We usually associate sunglasses with long hot summer days, time at the beach or pool, iced drinks, and protecting our skins from the sun's harmful rays. Before you put away your sunglasses along with your sun screen until next summer, remember that sunglasses are not simply a summer item, but play a vital role in eye care, even in winter. TV and magazines are full of fashion eyewear and facts about the danger of UV rays to the eyes in summer, but they tend to neglect the fact that the sun still shines in winter. Although the winter sun is less intense than it is in summer and the UV rays are weaker, the winter sun can still damage the eyes. Being lower in the sky and at a different angle, it often shines directly into the eyes. The tissue that makes up the human eye is some of the most sensitive and vulnerable tissue in the body. The eye has many natural defenses that protect it from the sun's rays, including pupil dilation, the squinting reflex, and the concave shape of the eye socket, shielded by the brow. However, the eyes' natural defenses are not adequate in protecting them from all harmful UV radiation. Reflexes like squinting and pupil dilation are only triggered by the sun's visible light. That means that on cloudy days, the amount of UV light reaching the unguarded eye can be dangerous. Two different types of light enter the eye, namely ultra violet (UV) light and...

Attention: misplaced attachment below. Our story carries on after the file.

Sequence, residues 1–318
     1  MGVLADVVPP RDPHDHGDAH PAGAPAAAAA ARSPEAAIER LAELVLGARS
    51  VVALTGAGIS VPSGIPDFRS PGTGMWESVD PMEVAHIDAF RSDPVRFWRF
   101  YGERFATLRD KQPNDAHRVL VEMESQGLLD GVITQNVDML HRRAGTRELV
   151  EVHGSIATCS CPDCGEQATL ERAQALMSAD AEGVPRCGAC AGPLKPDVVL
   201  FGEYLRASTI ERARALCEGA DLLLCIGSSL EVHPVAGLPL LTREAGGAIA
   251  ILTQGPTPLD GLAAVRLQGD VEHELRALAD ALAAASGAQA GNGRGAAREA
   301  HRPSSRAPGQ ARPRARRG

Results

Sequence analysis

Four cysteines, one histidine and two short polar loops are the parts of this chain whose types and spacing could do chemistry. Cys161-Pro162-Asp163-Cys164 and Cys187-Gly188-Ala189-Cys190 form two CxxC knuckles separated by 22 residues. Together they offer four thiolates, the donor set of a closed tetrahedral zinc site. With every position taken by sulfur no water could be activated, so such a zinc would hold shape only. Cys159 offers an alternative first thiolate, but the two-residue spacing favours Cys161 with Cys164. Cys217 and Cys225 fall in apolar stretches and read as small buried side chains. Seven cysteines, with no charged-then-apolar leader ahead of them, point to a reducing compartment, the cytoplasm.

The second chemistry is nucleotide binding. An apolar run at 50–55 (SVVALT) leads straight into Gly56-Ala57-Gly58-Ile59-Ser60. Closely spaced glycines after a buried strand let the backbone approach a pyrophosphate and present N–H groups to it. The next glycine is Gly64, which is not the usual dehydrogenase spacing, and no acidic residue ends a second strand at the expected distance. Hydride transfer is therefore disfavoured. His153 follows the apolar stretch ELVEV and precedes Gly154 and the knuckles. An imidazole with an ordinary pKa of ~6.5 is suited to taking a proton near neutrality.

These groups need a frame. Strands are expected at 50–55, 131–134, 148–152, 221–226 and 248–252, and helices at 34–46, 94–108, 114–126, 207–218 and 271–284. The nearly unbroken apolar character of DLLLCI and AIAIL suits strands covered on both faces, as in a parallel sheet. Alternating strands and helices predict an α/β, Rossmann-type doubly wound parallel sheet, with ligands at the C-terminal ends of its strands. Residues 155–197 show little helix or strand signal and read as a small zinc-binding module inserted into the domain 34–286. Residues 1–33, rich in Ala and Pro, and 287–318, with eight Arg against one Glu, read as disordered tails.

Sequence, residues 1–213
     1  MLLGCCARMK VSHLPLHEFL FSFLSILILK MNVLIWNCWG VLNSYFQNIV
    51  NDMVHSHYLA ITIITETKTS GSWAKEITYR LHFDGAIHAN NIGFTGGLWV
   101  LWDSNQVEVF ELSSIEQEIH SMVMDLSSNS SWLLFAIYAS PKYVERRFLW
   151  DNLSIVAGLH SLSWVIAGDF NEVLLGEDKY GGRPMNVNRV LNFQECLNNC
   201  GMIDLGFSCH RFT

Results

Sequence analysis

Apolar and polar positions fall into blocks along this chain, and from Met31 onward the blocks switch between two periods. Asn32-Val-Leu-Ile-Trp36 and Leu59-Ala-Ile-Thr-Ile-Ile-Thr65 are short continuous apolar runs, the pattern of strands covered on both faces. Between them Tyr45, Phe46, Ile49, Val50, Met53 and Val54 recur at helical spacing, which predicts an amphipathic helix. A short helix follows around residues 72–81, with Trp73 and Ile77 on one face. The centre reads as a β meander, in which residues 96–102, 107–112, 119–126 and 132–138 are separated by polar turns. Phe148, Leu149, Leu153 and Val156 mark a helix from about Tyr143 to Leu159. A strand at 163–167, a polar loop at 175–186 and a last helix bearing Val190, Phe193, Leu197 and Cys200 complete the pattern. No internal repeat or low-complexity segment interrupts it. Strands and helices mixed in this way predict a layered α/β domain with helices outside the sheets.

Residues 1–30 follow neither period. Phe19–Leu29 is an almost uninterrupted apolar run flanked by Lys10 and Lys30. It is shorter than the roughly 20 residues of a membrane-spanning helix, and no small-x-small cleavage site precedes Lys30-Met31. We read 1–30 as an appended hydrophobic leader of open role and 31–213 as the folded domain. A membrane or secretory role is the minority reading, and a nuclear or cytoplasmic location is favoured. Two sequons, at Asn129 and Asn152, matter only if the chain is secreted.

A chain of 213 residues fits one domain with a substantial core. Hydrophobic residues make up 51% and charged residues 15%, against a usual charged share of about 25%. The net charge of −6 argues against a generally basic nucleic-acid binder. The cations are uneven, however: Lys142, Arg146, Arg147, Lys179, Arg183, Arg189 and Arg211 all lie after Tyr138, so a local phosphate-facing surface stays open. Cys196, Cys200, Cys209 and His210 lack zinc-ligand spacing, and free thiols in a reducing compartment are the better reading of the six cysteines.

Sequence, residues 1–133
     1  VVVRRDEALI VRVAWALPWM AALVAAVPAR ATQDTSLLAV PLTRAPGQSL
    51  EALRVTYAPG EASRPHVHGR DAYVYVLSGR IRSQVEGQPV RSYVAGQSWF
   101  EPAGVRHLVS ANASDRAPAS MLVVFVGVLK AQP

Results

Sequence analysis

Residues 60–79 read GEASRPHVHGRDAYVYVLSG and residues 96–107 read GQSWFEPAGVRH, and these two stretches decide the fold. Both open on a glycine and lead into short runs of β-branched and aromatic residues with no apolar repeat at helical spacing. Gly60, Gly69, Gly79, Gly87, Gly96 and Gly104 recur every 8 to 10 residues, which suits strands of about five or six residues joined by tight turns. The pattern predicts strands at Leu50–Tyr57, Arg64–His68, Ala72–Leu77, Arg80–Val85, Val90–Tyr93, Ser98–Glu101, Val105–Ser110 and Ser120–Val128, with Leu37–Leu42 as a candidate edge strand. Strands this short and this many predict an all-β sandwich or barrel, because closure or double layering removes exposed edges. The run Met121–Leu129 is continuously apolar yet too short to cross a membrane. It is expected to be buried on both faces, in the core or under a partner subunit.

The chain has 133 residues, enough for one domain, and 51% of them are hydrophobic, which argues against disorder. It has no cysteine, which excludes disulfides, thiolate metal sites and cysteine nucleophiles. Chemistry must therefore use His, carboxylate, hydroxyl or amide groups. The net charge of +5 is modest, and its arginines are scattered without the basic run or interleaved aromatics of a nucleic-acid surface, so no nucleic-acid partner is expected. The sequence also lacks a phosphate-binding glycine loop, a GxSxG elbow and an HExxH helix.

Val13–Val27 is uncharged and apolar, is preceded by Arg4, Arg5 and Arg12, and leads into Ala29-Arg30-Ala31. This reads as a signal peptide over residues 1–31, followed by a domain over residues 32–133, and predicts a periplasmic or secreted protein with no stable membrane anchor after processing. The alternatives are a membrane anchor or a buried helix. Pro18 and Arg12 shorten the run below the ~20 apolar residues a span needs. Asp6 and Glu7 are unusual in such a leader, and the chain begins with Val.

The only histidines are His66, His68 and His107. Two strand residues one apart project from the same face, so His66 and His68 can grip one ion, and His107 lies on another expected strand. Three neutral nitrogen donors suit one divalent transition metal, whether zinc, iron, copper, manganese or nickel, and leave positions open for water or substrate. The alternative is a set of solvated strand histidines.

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SHINGLES AND THE EYES